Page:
When the NBA season shut down, the Indiana Pacers had won eight of their last 10 games, and even their most recent loss was encouraging. Victor Oladipo scored 27 points in 29 minutes on March 10 against the Boston Celtics, finally starting to shake off the rust after a ruptured quad tendon sidelined him for a full calendar year. Indiana mounted a furious comeback before Boston escaped with a 114-111 win.
Back then, the Pacers were having a typically admirable season, maintaining their overachieving, defense-first identity despite significant roster turnover and injuries. At 39-26, they are tied with the Philadelphia 76ers for the fifth spot in the East, and at Disney World, they’ll aim to upset some of the conference’s more celebrated teams. The big question is how shorthanded they will be.
On July 3, Oladipo told The Athletic’s Shams Charania that he would sit out, concerned about potentially reinjuring his knee. Ten days later, he is reportedly reconsidering, having traveled with the team to Orlando and participated in five-on-five scrimmages. Jeremy Lamb tore his ACL in February, so if Oladipo is out, Aaron Holiday will presumably start next to Malcolm Brogdon in the backcourt. (Brogdon tested positive for COVID-19 in late June, but told CNN’s Don Lemon that he had “very mild symptoms” and is ready to play.)
If the Pacers have Oladipo, they will be seen as a wild-card team in a wild-card environment. Without Oladipo, not so much.
Players sitting out: Jeremy Lamb (torn ACL)
All times Eastern
Oladipo and the offense: Indiana is an average offensive team, but you’d think it was an excellent one if you just looked at field goal percentage — only the Los Angeles Lakers were better in that category before the hiatus. That stat is misleading because the Pacers hardly shoot any 3s, take a ton of long 2s and almost never get to the free throw line. If Oladipo is out, they’ll have a steady diet of Brogdon-Sabonis pick-and-rolls and dribble-handoffs, but spacing and playmaking will be challenging, particularly under playoff scrutiny.
Indiana needs Warren to continue his lights-out midrange shooting, and it likely needs McDermott to play heavy minutes off the bench. If Oladipo is available, then he’ll need to find his comfort zone before the playoffs — Indiana scored just 103.8 points per 100 possessions in his 337 minutes this season, which is slightly less efficient than the league-worst Golden State Warriors’ offense.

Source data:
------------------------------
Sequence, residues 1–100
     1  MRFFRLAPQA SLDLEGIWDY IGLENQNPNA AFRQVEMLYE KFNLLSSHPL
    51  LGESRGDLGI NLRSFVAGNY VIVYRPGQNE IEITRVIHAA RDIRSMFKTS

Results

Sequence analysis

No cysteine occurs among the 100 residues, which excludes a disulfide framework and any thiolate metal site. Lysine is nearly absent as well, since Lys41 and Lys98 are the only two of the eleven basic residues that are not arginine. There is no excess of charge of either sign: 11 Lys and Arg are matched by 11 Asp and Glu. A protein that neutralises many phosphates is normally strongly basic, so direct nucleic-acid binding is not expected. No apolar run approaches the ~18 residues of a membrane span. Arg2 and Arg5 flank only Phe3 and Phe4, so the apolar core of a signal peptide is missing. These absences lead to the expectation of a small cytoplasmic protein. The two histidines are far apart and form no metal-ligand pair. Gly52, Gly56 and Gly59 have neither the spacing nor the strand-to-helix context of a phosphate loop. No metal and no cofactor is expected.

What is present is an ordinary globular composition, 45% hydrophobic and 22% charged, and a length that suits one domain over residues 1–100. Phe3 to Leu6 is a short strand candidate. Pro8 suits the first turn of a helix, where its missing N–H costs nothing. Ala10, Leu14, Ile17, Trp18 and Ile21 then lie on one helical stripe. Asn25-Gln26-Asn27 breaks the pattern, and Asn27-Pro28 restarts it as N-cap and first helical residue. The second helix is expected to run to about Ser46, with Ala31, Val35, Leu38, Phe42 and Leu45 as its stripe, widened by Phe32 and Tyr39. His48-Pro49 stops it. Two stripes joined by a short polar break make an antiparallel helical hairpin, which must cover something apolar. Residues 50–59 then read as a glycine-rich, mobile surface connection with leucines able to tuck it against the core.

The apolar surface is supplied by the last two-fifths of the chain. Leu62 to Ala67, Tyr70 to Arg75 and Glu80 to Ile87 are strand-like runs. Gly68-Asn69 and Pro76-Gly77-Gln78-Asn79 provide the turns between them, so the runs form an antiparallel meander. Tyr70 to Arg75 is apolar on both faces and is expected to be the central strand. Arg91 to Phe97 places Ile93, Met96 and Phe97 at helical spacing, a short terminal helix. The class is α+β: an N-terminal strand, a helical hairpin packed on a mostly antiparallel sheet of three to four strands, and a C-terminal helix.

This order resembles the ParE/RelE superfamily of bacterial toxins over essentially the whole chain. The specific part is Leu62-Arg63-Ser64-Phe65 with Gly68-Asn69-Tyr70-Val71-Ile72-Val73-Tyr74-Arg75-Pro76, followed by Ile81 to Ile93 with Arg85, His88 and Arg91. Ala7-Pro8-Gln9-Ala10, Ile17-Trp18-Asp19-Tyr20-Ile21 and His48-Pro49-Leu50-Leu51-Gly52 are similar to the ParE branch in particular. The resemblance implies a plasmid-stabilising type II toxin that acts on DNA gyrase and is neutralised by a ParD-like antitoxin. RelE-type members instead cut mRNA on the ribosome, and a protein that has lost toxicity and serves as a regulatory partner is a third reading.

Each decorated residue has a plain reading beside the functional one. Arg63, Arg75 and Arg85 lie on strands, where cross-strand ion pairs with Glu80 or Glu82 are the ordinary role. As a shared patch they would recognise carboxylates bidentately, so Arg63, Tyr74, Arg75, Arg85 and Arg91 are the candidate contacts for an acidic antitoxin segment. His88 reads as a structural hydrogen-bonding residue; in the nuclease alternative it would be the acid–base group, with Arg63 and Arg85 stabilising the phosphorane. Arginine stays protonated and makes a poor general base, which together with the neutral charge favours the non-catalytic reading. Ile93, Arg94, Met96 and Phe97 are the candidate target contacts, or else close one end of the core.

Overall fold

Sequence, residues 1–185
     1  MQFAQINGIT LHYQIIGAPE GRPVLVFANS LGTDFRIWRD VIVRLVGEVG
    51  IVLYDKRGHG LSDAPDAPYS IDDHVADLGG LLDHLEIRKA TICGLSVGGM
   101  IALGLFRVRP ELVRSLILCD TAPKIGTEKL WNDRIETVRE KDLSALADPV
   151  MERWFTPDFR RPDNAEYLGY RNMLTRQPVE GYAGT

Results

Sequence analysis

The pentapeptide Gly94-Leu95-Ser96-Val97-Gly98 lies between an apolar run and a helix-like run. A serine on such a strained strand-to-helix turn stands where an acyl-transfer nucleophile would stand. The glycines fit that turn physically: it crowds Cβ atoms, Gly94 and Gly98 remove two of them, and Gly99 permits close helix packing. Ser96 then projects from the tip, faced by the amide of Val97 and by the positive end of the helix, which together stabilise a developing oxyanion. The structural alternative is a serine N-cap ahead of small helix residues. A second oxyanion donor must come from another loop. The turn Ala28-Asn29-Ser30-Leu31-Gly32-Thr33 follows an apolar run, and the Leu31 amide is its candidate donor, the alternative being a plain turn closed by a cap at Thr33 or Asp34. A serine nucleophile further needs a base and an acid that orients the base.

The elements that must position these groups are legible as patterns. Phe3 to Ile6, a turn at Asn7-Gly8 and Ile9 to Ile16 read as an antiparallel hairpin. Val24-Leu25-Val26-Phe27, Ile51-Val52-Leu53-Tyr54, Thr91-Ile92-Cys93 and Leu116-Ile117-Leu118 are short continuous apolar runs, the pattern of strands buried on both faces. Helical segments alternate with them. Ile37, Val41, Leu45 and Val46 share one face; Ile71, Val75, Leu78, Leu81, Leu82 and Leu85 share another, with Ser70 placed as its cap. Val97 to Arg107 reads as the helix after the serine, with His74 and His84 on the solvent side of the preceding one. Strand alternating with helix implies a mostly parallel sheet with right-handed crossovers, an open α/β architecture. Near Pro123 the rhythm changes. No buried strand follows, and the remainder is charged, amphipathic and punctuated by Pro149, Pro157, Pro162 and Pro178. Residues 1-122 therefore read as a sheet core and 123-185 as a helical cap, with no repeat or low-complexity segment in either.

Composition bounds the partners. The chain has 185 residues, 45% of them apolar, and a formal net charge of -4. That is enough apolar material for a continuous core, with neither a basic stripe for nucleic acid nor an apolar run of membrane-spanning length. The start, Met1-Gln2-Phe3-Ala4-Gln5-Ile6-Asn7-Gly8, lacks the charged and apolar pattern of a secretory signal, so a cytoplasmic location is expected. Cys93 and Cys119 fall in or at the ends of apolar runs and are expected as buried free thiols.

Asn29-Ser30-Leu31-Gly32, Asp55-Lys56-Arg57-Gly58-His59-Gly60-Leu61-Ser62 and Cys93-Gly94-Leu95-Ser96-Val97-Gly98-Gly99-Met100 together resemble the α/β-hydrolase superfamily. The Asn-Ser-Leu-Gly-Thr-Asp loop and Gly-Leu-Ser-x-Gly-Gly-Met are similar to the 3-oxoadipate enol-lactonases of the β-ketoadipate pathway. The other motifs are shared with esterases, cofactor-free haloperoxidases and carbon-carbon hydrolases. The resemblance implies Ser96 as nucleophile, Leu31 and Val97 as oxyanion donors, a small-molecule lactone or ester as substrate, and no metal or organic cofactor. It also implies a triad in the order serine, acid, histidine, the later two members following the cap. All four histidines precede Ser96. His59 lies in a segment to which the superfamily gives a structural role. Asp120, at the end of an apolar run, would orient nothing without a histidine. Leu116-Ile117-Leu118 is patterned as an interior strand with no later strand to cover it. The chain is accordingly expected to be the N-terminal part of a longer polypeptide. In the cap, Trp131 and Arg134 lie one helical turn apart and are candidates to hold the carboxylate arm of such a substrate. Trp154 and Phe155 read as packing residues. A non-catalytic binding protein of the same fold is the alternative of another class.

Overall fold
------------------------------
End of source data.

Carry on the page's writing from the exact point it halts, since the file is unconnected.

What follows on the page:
Brogdon is back: The last time we saw the Pacers, Brogdon was sidelined with a torn rectus femoris. This is a muscle in the quadriceps, and it was supposed to keep him out of the lineup for weeks. Previously, he had dealt with back and hamstring injuries, which turned his breakout season into an uneven one. Ideally, he’ll now be able to play like he did before all of that. At the beginning of the season, he put up All-Star numbers as Indiana’s primary playmaker.
Here he is in October, pick-and-rolling the Brooklyn Nets to death:
Brogdon and Oladipo have only played 242 minutes together, and it would be insane to draw strong conclusions from that sample. At their best, they’d be essentially interchangeble: Both can initiate the offense, get to the rim, make 3s and defend multiple positions. Oladipo is the more creative ballhandler, but Brogdon could function as the primary guy when he has the more favorable matchup. If Oladipo plays, they will need to establish chemistry quickly. That will be much easier if Oladipo’s catch-and-shoot 3s are falling. (He shot 30.4 percent from deep and just 20.7 percent on spot-up 3s in his 13 appearances, per NBA.com.)
Depth: The main issue here is not that the starting lineup might struggle if Aaron Holiday is in Oladipo’s place. It’s that the bench is awfully thin without Lamb and (possibly) Oladipo. Justin Holiday provides some defensive versatility, but there aren’t a ton of adjustments for coach Nate McMillan to make if another injury hits or a playoff opponent exposes one of Indiana’s weaknesses. The best teams in the league can play big or small, fast or slow, and they have counters when they face different kinds of defenses. The Pacers don’t have that kind of flexibility, and, if Oladipo is out, you can probably count on McConnell and Sampson being in the postseason rotation regardless of their first-round matchup.